We follow route #14 south, miss our turn off to #5 south - I think it was an unmarked gravel driveway that looked like farm access. Remind me to get more detailed paper maps and a gps upload next time. We have to backtrack to Salama, which is a cool looking town, a lot nicer than Coban in terms of character. We then follow #5 west to Rabinal, a real out of the way place. We get turned around in the dirt streets here, asking directions, trying to find a way out. Same situation as in Coban, but took longer to escape (no signs of course). Past here the road turns to dirt, then single lane, with big drops on one side of the path, not unlike 2 days ago. Again the road starts to look like nothing but secondary farming access and we wonder if we should carry on. The alternative is to do a huge back-track to Salama and head for 9N/17 East through Guatemala City. I hear the traffic is hell here and it can take half a day just to get through the city. Hence this serendipitous route to avoid this.

Fortunately for us, we run into Manuel working in a rock quarry and he is very helpful. He lets us know that El Chol, (our next connecting town on the route) is about an hour and half away. Navigation in these scenarios is all about connecting the dots of little towns, asking for help along the way. So we decide to go for it, knowing full well that we are into the afternoon and that we'll be chasing sunset, never a good idea.

We air down and the track is mostly pretty good, but we have to slow down going into blind corners to avoid on-coming. It's a bit stressful as most people coming the other way don't give you any space. I'm feeling the lack of sleep from last night. The Malaria meds gave me some pretty gnarly, disturbing nightmares. I counter this by riding way too fast. I remember one spot on this route when we come up on a car parked and a steep, deep sand track going up to the right. I buzz past not thinking this is the road, but hit a dead end. Backtracking to the sand climb, Jay and I gun our engines and use every ounce of torque to plow our bikes through, leaving big rooster-tails of sand behind us. Fun.

We start to link the towns together: El Chol, Granados, Estancia De Garcia, Montufur and then Hwy 5 and pavement. This leads towards Guat city by way of San Pedro and San Juan, both less than appealing towns. On the way in, we pass a medium-sized protest, complete with masked men, burn piles in the road and a gathering crowd. They seem unconcerned with us however and we pass through without any issues. We ride around both Pedro and Juan and have no luck finding a hotel, there doesn't seem to be an booming tourist industry here. I'm sure we could have found something, but securing the bikes would definitely be an issue here. With darkness approaching, we backtrack the way we came, through the protest again and onto a hotel that we passed on the way in.

It turns out to be an "Auto Hotel" a cold, concrete building complete with hidden parking spots, scum filled pool, crumbling walls and a delightful moldy smell. These Auto Hotels are set up for local guys to bring their whores/mistresses away from suspicious wives. The lady here has zero English, but as we've experienced before, loves to rattle on at 100mph even though she knows we can't understand a word she says. To make a long story short, the place charges by the hour and is a rip off at $300Q per night (about $37US)- the same as a whole day with lodgings/meals/drinks in Semuc. We even ask if we can camp, but in the end we are beaten and give in after a brief negotiation. We almost made our destination of Antigua but were short by about an hour. My diary has a bit of Wingeing about the long stressful ride, the danger factor and this crappy flop house. But as always, I look back on it very fondly.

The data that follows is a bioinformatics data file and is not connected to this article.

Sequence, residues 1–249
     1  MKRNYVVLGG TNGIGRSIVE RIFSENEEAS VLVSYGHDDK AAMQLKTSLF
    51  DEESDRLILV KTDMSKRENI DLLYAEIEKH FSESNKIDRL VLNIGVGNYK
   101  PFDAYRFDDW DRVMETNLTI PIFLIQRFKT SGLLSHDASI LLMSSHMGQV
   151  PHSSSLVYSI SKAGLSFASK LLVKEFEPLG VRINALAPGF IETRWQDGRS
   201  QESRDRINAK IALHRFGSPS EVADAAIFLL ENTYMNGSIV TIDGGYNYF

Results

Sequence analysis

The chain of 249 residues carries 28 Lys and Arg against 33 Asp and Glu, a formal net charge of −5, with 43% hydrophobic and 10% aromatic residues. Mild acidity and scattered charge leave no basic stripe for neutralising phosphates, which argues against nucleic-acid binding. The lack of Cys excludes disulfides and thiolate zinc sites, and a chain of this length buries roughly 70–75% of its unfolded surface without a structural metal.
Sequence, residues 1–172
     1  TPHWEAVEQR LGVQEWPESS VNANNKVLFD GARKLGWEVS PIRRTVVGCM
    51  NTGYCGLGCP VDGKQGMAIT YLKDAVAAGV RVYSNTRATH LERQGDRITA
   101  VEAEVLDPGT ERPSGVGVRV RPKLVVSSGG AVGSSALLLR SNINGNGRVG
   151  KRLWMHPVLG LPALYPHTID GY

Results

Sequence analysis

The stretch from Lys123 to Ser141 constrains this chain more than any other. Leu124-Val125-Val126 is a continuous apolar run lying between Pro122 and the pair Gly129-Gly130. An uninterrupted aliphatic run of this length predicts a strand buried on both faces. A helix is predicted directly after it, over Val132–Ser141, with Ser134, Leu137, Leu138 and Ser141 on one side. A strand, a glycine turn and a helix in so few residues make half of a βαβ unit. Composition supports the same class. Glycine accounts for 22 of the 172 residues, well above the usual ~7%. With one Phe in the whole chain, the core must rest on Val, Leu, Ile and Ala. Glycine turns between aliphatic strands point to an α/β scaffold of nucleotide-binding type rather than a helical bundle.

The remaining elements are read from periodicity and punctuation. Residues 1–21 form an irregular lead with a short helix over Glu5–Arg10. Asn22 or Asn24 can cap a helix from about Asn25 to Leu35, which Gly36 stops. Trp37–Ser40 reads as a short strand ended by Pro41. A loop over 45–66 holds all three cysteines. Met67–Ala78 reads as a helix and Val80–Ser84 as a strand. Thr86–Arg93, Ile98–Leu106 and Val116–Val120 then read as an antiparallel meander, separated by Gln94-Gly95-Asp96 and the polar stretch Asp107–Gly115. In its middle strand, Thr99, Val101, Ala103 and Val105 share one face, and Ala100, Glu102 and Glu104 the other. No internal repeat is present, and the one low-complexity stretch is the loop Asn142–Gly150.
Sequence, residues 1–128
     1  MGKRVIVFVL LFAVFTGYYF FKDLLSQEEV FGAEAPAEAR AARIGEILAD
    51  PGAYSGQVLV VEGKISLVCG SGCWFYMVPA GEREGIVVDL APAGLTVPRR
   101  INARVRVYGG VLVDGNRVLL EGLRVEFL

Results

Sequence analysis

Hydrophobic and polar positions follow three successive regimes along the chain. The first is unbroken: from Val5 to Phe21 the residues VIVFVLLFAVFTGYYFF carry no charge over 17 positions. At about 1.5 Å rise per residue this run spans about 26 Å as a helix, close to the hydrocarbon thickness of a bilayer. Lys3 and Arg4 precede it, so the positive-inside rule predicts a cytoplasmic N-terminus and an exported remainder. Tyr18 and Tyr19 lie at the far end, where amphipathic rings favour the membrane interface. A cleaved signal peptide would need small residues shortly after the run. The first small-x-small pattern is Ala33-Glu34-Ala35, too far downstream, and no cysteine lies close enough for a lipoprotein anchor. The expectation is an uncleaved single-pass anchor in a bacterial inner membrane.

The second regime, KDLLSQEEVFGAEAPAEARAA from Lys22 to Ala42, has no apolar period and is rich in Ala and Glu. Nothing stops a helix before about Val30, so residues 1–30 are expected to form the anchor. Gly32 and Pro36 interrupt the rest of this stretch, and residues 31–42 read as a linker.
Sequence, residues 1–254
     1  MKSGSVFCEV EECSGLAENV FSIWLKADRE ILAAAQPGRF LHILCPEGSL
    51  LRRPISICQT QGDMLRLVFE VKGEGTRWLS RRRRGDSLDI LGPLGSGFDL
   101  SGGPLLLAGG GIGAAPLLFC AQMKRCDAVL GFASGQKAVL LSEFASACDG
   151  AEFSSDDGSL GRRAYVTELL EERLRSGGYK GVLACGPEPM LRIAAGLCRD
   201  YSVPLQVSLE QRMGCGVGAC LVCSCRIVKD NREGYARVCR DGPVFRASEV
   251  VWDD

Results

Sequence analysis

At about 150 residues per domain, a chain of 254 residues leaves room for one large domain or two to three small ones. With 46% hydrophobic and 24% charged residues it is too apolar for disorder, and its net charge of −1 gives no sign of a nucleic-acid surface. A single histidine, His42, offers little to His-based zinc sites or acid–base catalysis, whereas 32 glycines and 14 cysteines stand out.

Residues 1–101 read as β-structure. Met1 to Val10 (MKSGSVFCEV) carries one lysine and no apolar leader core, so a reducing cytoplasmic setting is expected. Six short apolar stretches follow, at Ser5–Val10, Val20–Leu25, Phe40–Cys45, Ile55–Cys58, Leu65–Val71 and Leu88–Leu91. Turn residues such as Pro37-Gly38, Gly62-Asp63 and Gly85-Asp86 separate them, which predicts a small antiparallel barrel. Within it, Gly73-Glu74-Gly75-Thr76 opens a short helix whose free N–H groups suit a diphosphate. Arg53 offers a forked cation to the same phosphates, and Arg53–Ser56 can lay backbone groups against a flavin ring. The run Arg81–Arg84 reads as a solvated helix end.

I did get a few shots but they are lost to the abiss. You can tell Jay was busy riding 'cause he only took one:



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Old 03-25-2010, 01:01 PM   #63
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Day 33 - Near San Juan to Antigua - 90kms


Up with the rooster alarm clocks at 0430, toss and turn in my sleeping bag (you didn't think I used the sheets here did you?) and out at 05:50. Had to wake our hosts to come and open the locked front gate - very reminiscent of Playa Azul. We drive through the protest for a third time, still no stress, then on to a route leaving San Pedro. The temp is very cold. The road is packed with Chicken Busses and trucks spewing black smoke and dust. We can seldom pass because of narrow corners. It seems as though we are heading towards the city, what we spent so much effort on avoiding yesterday. It just keeps getting more busy and polluted. So it's back to San Pedro and we wander around on the steep cobblestone, trying different streets. We end up miraculously finding the road west to Santiago Sacatepequez, a nice country ride with views of a volcano. Once in S.S. we get lost for a bit there, as per tradition. We can see the CA-1 taunting us on the hill in the distance. Jay, in the lead, takes a rough, dirt track that looks like nothing, but leads us right to CA-1! We take a very sketchy "on ramp" on a blind corner, then stop for a celebratory hug and a smoke.